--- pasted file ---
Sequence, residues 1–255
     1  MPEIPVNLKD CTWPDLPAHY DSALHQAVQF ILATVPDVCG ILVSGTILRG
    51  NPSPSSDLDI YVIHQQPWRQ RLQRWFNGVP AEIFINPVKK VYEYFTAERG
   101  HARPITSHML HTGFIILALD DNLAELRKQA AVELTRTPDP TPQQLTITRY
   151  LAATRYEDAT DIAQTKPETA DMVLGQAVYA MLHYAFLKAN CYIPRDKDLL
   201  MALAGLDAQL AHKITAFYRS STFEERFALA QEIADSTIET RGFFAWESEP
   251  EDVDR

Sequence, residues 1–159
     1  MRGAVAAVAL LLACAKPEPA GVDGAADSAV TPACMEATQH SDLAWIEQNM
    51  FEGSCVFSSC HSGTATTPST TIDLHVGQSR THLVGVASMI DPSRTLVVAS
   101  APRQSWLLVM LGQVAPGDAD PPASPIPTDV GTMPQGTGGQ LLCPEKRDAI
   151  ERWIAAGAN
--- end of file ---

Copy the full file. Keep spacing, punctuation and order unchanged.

Sequence, residues 1–255
     1  MPEIPVNLKD CTWPDLPAHY DSALHQAVQF ILATVPDVCG ILVSGTILRG
    51  NPSPSSDLDI YVIHQQPWRQ RLQRWFNGVP AEIFINPVKK VYEYFTAERG
   101  HARPITSHML HTGFIILALD DNLAELRKQA AVELTRTPDP TPQQLTITRY
   151  LAATRYEDAT DIAQTKPETA DMVLGQAVYA MLHYAFLKAN CYIPRDKDLL
   201  MALAGLDAQL AHKITAFYRS STFEERFALA QEIADSTIET RGFFAWESEP
   251  EDVDR

Sequence, residues 1–159
     1  MRGAVAAVAL LLACAKPEPA GVDGAADSAV TPACMEATQH SDLAWIEQNM
    51  FEGSCVFSSC HSGTATTPST TIDLHVGQSR THLVGVASMI DPSRTLVVAS
   101  APRQSWLLVM LGQVAPGDAD PPASPIPTDV GTMPQGTGGQ LLCPEKRDAI
   151  ERWIAAGAN